5.2.6 Site investigation

Until recently, geophysical survey and remote sensing were not used routinely for the detection and investigation of Mesolithic sites and features (but see Marshall in Mithen 2000 for use of resistivity at Staosnaig Mesolithic site). The Scottish Mesolithic Geophysical Survey Project was established in 2002 by the Department of Archaeology at Glasgow University, in order to research the application of geophysical survey techniques to Mesolithic archaeology, and sites with different topographic and pedological characteristics were used as case studies. Geophysical survey has also been used as a general prospecting tool as part of the Inner Hebrides Mesolithic Project led by Steven Mithen. With the exception of Sand, Applecross, Highland, the results of these surveys have not yet been published in detail. At Sand a fluxgate gradiometer survey was undertaken of an area c. 500m2 directly in front of the rockshelter, with the primary objective of exploring the geophysical response of the shell midden deposit and establishing its extent. A sampling interval of 0.25m was adopted and the instrumentation was set to detect features up to 1m below the ground surface. The magnetic anomalies detected could be linked mainly to geological features, metal objects in the soil, or recent disturbances of the site, but no clear magnetic response was obtained from the midden deposit (Finlay 2009).

Archaeological geoprospection has seen limited application in Scotland, but has proved useful elsewhere (Carey et al. 2007).

Table 3 lists some common science-based techniques and the extent of their use in Scottish Mesolithic studies. With the exception of radiocarbon dating, there have been relatively few applications of these techniques. This is further highlighted by a survey of papers with a specific focus on the Scottish Mesolithic published in the Journal of Archaeological Science between 1975 and 2010 (Table 4). If archaeobotanical, archaeozoological, geoarchaeological, and palynological studies are excluded, which fall more within the realm of environmental archaeology, only three papers published in the Journal of Archaeological Science over the past 35 years are concerned with the scientific analysis of archaeological materials from Scottish Mesolithic sites. While the Journal of Archaeological Science does not represent the total picture, it is probably a fair reflection of past and present trends in Scottish Mesolithic research and highlights both the paucity of science-based research and the imbalance between environmental archaeology and archaeometry in what little research has been undertaken. While the lack of human remains from Mesolithic sites in Scotland probably accounts for the dearth of archaeogenetic research and stable isotope studies of diet and population movements, it is more difficult to explain why there have been so few applications of archaeometric techniques to the study of artefacts and ecofacts. One reason perhaps is the lack of specialist degrees in archaeological science at postgraduate (Master and PhD) level in Scottish Universities. Therein lie objectives and opportunities for the future.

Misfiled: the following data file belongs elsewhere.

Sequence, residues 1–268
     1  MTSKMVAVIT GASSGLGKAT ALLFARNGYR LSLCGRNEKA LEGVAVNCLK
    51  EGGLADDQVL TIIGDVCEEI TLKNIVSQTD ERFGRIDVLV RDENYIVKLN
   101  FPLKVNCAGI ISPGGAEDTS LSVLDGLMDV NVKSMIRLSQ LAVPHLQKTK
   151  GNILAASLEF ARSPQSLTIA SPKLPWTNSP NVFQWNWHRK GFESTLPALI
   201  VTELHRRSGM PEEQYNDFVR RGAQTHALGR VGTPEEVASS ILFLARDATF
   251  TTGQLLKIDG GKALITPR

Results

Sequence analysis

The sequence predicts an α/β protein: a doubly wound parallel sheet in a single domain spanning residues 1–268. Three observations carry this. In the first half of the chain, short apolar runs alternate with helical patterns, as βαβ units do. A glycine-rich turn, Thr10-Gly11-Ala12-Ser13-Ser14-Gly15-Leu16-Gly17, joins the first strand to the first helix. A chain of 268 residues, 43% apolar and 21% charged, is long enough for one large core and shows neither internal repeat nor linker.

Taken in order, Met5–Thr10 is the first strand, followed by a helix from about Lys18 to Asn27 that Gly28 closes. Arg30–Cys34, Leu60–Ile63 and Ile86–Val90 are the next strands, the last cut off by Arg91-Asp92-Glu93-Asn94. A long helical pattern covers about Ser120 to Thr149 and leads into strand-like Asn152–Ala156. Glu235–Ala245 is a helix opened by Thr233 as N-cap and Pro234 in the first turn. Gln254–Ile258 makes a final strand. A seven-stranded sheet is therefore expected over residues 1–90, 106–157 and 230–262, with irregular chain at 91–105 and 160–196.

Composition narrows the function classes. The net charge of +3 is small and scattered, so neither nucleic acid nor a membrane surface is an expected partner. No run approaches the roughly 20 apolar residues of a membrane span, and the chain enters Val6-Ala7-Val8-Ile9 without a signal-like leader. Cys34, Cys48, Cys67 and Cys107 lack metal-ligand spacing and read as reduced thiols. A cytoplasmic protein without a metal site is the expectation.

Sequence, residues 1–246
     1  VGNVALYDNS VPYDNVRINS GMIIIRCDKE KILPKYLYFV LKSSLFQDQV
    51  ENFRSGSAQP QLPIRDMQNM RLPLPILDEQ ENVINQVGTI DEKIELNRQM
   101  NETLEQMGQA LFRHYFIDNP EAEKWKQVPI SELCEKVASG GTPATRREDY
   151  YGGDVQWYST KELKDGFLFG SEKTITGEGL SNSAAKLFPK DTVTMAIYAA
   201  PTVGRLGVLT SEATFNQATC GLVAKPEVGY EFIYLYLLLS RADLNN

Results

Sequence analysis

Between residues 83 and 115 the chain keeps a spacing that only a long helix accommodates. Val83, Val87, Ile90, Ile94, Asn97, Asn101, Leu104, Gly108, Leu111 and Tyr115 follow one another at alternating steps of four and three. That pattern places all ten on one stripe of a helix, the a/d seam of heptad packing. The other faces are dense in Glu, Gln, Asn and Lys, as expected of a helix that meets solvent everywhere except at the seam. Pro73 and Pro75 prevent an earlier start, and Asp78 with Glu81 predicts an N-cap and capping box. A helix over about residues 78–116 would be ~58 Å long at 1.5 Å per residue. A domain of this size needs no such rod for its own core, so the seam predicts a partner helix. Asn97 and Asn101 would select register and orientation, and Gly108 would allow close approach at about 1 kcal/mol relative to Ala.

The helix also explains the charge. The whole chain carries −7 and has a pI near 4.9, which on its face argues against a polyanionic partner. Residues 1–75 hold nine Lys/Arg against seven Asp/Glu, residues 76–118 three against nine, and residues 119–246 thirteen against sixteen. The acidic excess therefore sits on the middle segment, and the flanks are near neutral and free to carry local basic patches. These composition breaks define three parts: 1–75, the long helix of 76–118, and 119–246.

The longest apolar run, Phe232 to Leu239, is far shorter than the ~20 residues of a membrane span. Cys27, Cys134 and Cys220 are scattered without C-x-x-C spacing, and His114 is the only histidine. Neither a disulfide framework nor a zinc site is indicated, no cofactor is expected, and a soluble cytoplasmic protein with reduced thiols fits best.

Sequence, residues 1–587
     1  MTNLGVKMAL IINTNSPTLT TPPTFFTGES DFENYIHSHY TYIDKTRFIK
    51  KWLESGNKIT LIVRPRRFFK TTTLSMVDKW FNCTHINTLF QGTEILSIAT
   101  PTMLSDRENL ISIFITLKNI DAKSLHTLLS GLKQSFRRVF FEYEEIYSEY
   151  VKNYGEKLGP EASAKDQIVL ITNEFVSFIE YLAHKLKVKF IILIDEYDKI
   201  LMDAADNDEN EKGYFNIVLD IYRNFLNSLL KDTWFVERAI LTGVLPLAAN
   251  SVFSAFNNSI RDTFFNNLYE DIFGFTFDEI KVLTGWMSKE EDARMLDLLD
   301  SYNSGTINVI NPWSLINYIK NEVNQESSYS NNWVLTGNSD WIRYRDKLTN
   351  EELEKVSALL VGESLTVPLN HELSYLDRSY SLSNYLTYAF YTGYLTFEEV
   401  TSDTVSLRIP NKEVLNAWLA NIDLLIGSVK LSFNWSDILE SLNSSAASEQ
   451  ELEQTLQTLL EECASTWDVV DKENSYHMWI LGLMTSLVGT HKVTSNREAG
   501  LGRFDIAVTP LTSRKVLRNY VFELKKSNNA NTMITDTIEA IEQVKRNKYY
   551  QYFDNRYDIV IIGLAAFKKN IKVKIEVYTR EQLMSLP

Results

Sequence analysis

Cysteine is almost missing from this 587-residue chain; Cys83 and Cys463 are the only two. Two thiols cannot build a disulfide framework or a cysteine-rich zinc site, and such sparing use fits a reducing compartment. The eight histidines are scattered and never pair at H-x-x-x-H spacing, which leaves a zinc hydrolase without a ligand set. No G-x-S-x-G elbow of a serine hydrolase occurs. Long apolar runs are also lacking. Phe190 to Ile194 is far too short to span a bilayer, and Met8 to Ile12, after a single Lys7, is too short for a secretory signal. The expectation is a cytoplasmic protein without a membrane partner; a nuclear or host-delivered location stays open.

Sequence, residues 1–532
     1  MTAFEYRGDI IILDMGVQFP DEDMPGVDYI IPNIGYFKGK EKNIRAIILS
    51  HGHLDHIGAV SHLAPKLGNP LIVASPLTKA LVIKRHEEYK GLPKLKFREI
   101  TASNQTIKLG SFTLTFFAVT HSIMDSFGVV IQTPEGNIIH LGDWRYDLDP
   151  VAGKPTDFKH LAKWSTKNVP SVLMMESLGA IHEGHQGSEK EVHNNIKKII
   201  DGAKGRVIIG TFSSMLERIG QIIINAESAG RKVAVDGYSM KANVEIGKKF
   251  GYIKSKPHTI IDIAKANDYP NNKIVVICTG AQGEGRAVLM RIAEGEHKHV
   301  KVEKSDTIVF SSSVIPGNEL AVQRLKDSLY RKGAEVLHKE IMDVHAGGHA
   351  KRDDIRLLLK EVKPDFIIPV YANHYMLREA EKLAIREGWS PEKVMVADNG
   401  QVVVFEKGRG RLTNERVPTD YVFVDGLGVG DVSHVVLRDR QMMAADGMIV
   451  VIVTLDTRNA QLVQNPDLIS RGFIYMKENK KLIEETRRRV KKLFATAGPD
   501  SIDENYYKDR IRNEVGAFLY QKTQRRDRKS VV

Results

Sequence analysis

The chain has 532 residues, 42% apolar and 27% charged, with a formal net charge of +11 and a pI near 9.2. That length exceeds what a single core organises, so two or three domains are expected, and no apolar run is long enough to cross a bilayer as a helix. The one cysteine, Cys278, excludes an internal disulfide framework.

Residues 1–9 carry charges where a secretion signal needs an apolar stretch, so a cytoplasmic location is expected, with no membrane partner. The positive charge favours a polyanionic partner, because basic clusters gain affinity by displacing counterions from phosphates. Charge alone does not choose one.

Table 3: Applications of archaeometric techniques in Scottish Mesolithic studies

Area of Investigation Technique Applications
ISOTOPIC DATING Radiocarbon Numerous
NON-ISOTOPIC DATING Luminescence Bolsay Farm (Islay), West Voe (Shetland)
STABLE ISOPTOPES Dietary tracing Oronsay
Population movements Seasonality (molluscs, fish)
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ARTEFACT STUDIES Lithic use-wear Bolsay Farm, Gleann Mor (Islay), Smittons, Starr (Dumfries and Galloway)
Bone use-wear 'Obanian' shell middens, bevel-ended tools
Residue analysis Sand (Applecross) bevel-ended tools
Trace element provenancing Pitchstone sources (Arran)
SITE INVESTIGATIONS Remote sensing and geophysical survey Sand, Applecross, Newton (Islay), Port Lobh (Colonsay), Tiree, East Barns (East Lothian)

Table 4: Articles with a focus on the Scottish Mesolithic, published in the Journal of Archaeological Science between 1975 and 2010

Methodological emphasis No. of articles J Arch Sci ref.
Archaeobotany 1 vol 28(3), 2001: 223-34 (S Mithen et al.)
Archaeozoology 1 vol 34(3), 2007: 463-84 (E.H. Fairnell, J. Barrett)
Geoarchaeology 1 vol 17(5), 1990: 509-12 (A.G. Dawson et al.)
Geochemical fingerprinting 1 vol 11(1), 1984: 1-34 (O. Williams Thorpe, R.S. Thorpe)
Growth-line analysis of shells 1 vol 10(5), 1983: 423-40 (M.R. Deith)
Palynology 4 vol 11(1), 1984: 71-80 (K. Edwards, K. Hirons);
vol 16(1), 1989: 27-45 (A.H. Powers et al.);
vol 32(3), 2005: 435-49 (K. Edwards et al.);
vol 32(12), 2005: 1741-56 (K. Edwards et al.)
Radiocarbon 1 vol 37(4), 2010: 866-70 (M. Collard et al.)
Stable isotopes 2 vol 13(1), 1986: 61-78 (M. Deith); vol 26(6), 1999: 717-22 (M.P. Richards, R.E.M. Hedges)
Total 12 %nbsp;